Here are some tips:
- Try to avoid renting a one-bedroom or studio flat, because it will cost you a lot more money (duh). Finding people to share with or looking for rooms to rent in existing shared-properties will be much cheaper.
- Sites like AirBnB are awesome if you’re planning a short-term trip but if you’re staying for 6 months or more don’t use them long-term. Why? Because you pay a premium plus AirBnB fees. Instead, consider taking on AirBnB or equivalent room for your first month while you look for something permanent.
According to WorkGateways, rent in London can be anything from £350 per month upwards for a double room across the London Boroughs. However, you can cut your costs by an average of £100 if you take a single room.
These rent costs may be a little hopeful as well because the estimates provided for the average cost of a one-bedroom flat in London fail to take into account the competitiveness of the current market and the availability of cheaper places.
Case Study: A Personal Experience
Whilst it is really smart to do your homework and plan costs using internet sites like WorkGateway, from personal experience, they might be a little out of touch with the reality of the rental market in London right now.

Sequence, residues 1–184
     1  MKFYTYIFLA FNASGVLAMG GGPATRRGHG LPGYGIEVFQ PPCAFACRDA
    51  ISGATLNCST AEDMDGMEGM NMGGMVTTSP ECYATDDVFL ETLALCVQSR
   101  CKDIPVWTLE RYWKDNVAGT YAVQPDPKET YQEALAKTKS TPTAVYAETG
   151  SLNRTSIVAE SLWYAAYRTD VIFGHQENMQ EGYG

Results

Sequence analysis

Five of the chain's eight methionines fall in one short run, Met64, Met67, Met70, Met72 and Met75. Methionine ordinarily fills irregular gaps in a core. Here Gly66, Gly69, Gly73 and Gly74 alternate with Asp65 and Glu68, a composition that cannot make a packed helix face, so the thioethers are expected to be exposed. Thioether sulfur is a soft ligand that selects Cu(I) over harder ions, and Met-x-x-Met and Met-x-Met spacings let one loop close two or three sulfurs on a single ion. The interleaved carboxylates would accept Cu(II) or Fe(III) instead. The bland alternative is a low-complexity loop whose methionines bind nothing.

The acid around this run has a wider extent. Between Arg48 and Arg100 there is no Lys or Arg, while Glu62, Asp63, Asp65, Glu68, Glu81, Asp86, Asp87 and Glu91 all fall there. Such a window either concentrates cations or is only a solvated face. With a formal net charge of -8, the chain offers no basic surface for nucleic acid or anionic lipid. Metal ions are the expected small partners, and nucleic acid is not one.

This is coming from personal opinion. My partner and I recently rented a flat in South Norwood. It’s a South London postcode here, so according to WorkGateways we should be paying £600-700 per month.
Whilst we did see places advertised for around £800, our flat actually costs us £1050. Part of that is because we have a pet and required a garden but when doing your search on sites like WorkGateways or others, keep in mind that their estimates are at the lowest end.
Check out the London Rents Map from the Mayor of London where you can search by area and see where the lowest prices will be from a more realistic perspective.
The Boring Stuff: Bills
So here’s the boring stuff – alongside your rent, you also have to take into account your bills. Based on three people sharing a house in South Norwood, you should be budgeting around £155 per month for basic bills.
Here are the averages you can expect for bog-standard utilities in London:
- Water: £40
- Electricity: £60
- Gas: £80
- Council Tax: £125
- TV Licence: £145.50
- Broadband: £17.50
Here are some tips:
- Try to narrow your search for places where bills are included. Many people in London rent out their spare rooms to help towards their high overheads and this could be good news for you. Benefits include one single payment each month, a knowledgeable landlord and sometimes, even the chance to live in a super cool area without the high costs of doing it from scratch.